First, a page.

The Effects of Grandparents on Children’s Schooling: Evidence from Rural China

Zeng, Zhen and Yu Xie
Working paper no. 2011-11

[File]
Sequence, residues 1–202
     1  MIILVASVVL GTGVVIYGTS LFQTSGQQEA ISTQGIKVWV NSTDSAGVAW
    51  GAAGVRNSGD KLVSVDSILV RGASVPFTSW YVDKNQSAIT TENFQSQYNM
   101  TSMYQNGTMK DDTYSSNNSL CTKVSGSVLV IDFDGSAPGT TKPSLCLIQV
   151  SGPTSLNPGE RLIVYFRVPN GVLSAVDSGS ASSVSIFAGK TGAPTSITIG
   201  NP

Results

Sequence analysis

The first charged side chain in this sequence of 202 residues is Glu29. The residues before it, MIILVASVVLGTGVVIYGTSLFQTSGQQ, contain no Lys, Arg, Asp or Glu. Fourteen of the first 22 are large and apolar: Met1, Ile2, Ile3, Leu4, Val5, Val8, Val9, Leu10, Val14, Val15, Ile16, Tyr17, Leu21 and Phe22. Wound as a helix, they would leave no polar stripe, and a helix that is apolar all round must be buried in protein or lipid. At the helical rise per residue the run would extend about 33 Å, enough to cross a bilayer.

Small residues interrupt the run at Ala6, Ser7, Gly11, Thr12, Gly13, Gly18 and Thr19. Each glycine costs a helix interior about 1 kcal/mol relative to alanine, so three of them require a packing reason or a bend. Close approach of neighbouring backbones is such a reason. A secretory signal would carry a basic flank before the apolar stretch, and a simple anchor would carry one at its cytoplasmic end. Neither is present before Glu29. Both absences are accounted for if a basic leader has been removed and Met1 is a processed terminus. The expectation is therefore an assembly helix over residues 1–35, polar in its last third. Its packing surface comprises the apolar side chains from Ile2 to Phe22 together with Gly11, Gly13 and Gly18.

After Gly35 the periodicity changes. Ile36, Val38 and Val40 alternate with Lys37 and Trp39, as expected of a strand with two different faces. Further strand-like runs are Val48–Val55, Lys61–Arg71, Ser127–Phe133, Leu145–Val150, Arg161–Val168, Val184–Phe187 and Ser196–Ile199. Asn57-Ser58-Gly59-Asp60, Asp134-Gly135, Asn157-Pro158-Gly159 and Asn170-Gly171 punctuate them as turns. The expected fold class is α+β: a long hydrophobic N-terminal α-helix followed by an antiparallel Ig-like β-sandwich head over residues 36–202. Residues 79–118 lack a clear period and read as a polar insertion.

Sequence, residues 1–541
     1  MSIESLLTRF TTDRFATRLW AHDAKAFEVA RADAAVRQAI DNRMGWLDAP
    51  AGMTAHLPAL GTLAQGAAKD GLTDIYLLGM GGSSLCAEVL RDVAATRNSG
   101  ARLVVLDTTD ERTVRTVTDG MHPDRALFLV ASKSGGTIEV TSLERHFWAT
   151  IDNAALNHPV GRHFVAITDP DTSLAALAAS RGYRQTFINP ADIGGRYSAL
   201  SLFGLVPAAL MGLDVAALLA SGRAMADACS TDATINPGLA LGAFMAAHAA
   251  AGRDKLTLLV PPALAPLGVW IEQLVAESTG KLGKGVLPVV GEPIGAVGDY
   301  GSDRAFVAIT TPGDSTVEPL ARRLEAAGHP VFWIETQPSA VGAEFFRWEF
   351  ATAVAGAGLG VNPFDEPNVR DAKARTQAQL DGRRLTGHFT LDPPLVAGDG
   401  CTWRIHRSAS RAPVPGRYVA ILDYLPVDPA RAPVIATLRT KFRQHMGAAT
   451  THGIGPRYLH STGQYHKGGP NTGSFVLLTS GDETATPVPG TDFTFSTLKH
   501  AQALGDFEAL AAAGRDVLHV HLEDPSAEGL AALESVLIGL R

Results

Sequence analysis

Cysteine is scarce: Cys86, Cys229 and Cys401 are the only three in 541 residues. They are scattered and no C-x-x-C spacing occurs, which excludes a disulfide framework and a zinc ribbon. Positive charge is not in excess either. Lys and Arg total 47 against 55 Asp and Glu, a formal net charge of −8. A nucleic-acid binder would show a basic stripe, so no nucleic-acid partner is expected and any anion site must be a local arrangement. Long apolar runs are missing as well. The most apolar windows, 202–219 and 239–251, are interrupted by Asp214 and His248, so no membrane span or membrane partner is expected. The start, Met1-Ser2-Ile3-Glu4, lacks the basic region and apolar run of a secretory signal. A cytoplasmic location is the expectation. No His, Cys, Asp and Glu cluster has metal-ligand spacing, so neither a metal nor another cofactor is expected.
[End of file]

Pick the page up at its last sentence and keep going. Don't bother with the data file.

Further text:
Past studies of intergenerational mobility in the U.S. have found that the influence of grandparents on their grandchildren’s socioeconomic outcomes is completely mediated through the middle generation. Drawing on data from the 2002 Chinese Household Income Project, we investigate the direct effects of grandparents on grandchildren’s educational attainment in rural China. The results show that the U.S. pattern does not apply to China, primarily due to the high prevalence of multigenerational coresidence in China. We find that the educational level of coresident grandparents directly affects the educational attainment of their grandchildren, with an effect size equivalent to that of parental education. In contrast, the education of non-coresident and deceased grandparents does not have any effect. These findings lead to the conclusion that coresidence is a critical condition for grandparents’ influences on grandchildren. Thus, the finding of no direct effect of grandparents in the prior literature may be attributable to a low rate of multigenerational coresidence in the U.S.